Weird Theory: Do Pokémon have a greater purpose?

There’s something slightly odd about the world of Pokémon. It’s not the hundreds of animals with elemental powers and supernatural abilities. No, that all makes perfect sense when you think about it. It’s the world itself that doesn’t quite make sense.

I’ve poked fun at the nature of Pokémon in the past – the effortless and never-ending happiness of every NPC, the unspoken chivalric code between Pokémon, the disturbing side of Poké Balls – but I only recently put all the mysterious pieces together in one theory. A theory which explains all the oddities in the game series. A theory as airtight as it is entirely unnecessary.

​Weird Theory: Do Pokémon have a greater purpose?

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How Does Your Game Keep You Contained? Part 1

A lone hero seeks adventure in a dangerous world. In one hand they clasp an ancient sword made from the devil’s weirdest nightmares. In the other hand they hold a giant handgun so powerful that it doesn’t need to be loaded to kill from two miles away. From head to toe, the hero is clad in armour that prevents attackers from remembering why they were even mad in the first place. There is so much arcane magic coursing through the hero’s veins, that one sneeze can level an entire cinema. Only a 1 or 2-screen cinema, but it’s still pretty cool when it happens.

Yet today, the hero will meet their match. No enemy, real or imagined, has ever managed to best this courageous, mighty and inexplicably handsome warrior. Today is the day when the hero faces…a fence which is slightly too high to jump over.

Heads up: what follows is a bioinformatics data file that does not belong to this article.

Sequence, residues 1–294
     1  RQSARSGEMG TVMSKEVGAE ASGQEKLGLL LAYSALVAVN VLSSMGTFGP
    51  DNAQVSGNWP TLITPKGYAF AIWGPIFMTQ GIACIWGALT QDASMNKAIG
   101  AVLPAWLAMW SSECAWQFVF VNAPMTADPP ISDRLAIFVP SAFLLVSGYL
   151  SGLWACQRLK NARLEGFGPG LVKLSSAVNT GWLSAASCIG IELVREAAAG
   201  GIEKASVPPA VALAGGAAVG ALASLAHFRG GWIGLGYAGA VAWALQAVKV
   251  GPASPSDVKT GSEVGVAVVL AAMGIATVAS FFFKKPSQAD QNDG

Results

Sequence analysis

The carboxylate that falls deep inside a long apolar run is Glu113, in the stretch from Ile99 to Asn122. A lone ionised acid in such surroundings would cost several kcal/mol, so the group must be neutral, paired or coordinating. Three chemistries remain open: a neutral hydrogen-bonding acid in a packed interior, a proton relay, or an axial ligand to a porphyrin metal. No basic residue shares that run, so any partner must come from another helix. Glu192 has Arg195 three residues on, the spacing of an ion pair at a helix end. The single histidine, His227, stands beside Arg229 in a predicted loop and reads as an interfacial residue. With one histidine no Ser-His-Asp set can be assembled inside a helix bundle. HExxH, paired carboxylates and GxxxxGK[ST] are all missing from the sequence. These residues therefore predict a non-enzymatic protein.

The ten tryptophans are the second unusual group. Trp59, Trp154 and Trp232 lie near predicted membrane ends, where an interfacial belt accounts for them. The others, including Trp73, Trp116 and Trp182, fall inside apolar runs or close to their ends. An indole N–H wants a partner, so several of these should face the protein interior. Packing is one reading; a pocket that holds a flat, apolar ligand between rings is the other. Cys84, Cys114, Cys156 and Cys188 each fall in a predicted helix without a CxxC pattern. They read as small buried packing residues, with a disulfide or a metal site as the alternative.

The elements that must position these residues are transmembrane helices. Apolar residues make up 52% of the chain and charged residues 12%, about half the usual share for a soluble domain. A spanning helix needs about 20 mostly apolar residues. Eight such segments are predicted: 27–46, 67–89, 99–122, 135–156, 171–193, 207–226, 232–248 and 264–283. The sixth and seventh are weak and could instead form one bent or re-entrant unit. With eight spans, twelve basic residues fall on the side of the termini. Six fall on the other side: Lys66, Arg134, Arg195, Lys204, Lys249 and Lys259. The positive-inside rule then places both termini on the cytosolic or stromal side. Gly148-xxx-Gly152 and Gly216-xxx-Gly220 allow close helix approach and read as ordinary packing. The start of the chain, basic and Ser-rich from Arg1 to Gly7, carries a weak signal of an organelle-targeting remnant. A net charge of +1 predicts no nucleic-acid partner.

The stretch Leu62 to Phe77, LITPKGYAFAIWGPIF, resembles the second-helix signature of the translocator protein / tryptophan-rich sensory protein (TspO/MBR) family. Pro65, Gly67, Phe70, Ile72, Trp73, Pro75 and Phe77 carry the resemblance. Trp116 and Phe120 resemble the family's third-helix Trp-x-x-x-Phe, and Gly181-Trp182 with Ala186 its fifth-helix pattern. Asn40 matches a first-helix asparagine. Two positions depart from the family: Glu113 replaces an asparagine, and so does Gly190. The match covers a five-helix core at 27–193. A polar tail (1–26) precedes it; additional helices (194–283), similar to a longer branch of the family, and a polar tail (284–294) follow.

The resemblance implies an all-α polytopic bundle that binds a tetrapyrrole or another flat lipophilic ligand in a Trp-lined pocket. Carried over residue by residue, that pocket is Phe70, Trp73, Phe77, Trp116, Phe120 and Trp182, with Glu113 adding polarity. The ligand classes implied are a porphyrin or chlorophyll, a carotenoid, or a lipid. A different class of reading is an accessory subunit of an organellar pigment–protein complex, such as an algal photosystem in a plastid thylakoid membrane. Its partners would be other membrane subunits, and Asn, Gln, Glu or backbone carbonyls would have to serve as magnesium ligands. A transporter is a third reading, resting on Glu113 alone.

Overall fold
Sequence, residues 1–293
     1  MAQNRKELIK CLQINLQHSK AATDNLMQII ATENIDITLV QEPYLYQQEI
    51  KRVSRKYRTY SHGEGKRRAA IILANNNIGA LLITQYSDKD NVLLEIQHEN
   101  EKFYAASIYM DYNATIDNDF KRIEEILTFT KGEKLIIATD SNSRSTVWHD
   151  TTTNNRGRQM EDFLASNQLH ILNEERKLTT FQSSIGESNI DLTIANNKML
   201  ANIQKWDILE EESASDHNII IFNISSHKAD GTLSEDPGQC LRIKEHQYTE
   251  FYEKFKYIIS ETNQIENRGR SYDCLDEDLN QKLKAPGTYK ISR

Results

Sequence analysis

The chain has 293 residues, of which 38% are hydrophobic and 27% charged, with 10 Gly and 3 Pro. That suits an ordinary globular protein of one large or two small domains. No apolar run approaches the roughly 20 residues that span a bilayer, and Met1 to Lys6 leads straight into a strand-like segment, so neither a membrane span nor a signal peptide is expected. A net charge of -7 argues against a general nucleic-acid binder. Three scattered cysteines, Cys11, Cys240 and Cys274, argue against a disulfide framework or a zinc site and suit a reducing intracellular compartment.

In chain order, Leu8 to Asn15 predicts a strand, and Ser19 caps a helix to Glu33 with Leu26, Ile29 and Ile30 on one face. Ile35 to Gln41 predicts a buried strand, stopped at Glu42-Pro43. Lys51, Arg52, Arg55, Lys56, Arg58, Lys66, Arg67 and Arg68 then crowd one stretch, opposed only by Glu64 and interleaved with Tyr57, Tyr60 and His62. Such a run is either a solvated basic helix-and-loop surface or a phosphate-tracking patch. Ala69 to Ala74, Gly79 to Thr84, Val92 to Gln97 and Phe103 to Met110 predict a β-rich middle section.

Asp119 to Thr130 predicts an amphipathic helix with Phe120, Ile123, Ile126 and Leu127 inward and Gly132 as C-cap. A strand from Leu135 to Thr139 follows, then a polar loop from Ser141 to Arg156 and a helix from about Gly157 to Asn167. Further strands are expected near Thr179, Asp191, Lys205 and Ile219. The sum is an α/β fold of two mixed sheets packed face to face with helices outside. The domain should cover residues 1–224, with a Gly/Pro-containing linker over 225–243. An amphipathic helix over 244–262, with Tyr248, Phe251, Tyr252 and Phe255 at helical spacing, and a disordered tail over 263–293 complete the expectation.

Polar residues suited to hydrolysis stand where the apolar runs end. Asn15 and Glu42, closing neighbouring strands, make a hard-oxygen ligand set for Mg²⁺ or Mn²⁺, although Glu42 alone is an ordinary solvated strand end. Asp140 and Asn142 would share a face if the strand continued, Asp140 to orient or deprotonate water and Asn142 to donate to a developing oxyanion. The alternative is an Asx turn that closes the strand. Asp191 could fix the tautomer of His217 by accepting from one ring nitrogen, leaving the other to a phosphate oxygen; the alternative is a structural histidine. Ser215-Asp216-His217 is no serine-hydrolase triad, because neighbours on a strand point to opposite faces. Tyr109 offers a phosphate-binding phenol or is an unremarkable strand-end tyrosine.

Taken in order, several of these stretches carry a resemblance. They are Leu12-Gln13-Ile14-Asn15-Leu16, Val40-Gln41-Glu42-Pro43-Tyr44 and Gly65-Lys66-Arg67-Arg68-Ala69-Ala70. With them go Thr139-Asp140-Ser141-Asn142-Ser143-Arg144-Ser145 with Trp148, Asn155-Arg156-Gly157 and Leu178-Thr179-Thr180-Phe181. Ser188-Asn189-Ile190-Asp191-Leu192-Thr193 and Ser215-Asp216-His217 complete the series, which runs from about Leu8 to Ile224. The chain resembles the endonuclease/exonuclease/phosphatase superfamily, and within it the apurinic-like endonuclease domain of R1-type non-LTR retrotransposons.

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Returning to Pokémon: Better to Faint With Honour

In my mind, there are few competitions nobler and more respectable than a Pokémon Battle.Pokémon Blue demonstrated to me that even the wildest creature can conduct themselves with fairness and restraint in each encounter. No words are uttered between combatants, yet each knows there place and fights with the upmost honour.

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This is the third time I’ve written about my slightly awkward transition from Pokémon Blue toPokémon Y. Last week I grumbled about how in my day we got by with only five Poké Balls and didn’t need all these fancy versions. Since then I have become a little more open minded; after reading your comments and recommendations I went and bought a batch of “Quick Balls” and haven’t looked back. Thanks to your responses I’m slightly less of an old gamer when playing Pokémon.

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Returning to Pokémon: confused by Poké Balls.

Last week, I touched on my reactions to Pokémon after skipping four generations. I’ve enjoyed the game so far but many of the new elements and changes have left me feeling old or confused. Last week I referred to the overwhelming sensation that Pokémon Y seemed to be in much more of a hurry than Pokémon Blue. Whilst I’ve enjoyed my time in Generation VI immensely, there are other aspects that have left me feeling out of touch with the Pokémon series.